Speeches

May 7, 2002

International symposium on intelligent transportation systems in emerging economies

Washington, D.C.

At this juncture, I am requested to make final comments about the INTERNATIONAL SYMPOSIUM ON INTELLIGENT TRANSPORTATION SYSTEMS IN EMERGING ECONOMIES.

Let me first thank the organization for this event, the Intelligent Transportation Systems of America, ITS America, an example of a successful partnership between the public and private sectors.  This public-private partnership fulfils a crucial role – promoting and educating about transportation technology and its benefits all over the world. I want also to thank all the participants and in particular the colleagues of the US Department of Transportation with whom we have established a long standing relationship.

The topics of the Symposium and its debate make me focus on two important considerations:

First, the increasing complexity of projects and programs, particularly in the transportation sector, in emerging economies, which implies the application of modern technology in an integrated fashion, multidisciplinary, and with the participation of several stakeholders.

Second, due to this complexity costs and benefits cannot be mechanically evaluated, but encompass externalities and the creation of “public goods” that go beyond the private sector calculations and a single country. To overcome the difficulties and complexities of situations encountered in projects and programs in emerging economies and particularly in Latin America, a national and regional public policy is needed that in turn help develop a new framework, innovative structure and creative collaboration between the private and the public sector.

Also, as part of my thoughts, I will mention the role of Multilateral Development Banks (MDBs) and that of the IDB in particular.

At the outset, let me underline how infrastructure in general and transportation in particular is fundamental for the economic growthof emerging economies and for those of Latin America and the Caribbean. Bank studies clearly point to transportation as the key variable to increased trade growth both intra and extra -regional. Moreover, the improvement of the transportation infrastructure has to be seen in the context of the “quality” of infrastructure in other parts of the world that compete to attract flows of trade and investment. Therefore, the increase and the improvement of infrastructure and transportation cannot be regarded on a “standalone” basis without comparing it to the competitive situation of infrastructure in other parts of the world.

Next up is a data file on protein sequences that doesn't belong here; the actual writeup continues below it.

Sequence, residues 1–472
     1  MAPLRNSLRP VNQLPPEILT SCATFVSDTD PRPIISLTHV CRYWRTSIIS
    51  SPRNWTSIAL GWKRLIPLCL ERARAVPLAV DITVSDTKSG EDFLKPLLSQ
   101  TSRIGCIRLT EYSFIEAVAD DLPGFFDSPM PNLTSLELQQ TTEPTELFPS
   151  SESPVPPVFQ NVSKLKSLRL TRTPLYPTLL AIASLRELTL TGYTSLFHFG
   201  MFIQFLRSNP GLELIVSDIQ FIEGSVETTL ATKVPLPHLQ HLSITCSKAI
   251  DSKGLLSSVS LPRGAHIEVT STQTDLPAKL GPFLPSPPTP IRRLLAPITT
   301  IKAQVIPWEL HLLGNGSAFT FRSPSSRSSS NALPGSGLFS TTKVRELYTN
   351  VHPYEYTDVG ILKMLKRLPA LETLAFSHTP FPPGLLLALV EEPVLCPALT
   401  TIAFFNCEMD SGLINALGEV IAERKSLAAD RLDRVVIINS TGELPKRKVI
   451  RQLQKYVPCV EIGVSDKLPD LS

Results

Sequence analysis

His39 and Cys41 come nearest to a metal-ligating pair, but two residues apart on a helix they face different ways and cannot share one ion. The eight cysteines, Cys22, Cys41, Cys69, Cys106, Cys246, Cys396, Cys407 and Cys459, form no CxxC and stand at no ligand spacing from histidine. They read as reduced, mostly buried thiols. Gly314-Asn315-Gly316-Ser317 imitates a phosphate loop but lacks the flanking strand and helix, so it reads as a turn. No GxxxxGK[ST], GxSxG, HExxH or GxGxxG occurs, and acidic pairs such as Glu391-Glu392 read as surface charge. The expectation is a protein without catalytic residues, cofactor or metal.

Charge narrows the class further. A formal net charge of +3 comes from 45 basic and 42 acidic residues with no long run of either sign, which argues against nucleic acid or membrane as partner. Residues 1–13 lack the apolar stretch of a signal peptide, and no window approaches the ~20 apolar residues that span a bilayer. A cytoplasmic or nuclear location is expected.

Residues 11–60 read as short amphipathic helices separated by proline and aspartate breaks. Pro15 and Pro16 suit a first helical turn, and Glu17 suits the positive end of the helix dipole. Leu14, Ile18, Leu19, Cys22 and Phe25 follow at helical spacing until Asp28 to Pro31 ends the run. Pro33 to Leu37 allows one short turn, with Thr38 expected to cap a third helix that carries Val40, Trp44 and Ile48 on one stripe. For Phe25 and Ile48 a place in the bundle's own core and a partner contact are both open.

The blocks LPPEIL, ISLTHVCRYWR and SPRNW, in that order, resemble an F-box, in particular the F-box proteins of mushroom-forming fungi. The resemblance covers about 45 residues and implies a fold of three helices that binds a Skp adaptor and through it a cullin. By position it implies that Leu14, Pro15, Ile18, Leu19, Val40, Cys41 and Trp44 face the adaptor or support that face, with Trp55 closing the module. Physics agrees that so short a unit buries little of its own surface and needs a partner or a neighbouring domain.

It is against this background that the challenge of complexity has to be regarded and faced. Complexity in transportation means that a project of a road, or a port, or an airport present two forms of challenges: the one specific, “internal” to the project, more technological; and the other in relation to other similar transportation projects in the context of an overall national transportation strategy and vision.

With regard to the complexity within the project, clearly transportation projects are not anymore just building a road or an airport, but it requires including in the project extremely valuable technology, which in turn entails coordination and interoperability with various other entities and stakeholders that would finally enhance the efficiency and the success of the project and its contribution to economic growth. For example, a road cannot be regarded as an efficient investment without several other related and connected components: electronic data to process information, coordination with the national and regional systems; appropriate and state of the art technology custom zone; synchronization between working hours at the customs at the time of borders crossing.

The IDB has a long history of funding successful transport infrastructure projects  - and more recently, it has provided support for transportation technology or intelligent transport projects of all types.  Some examples from a long list include: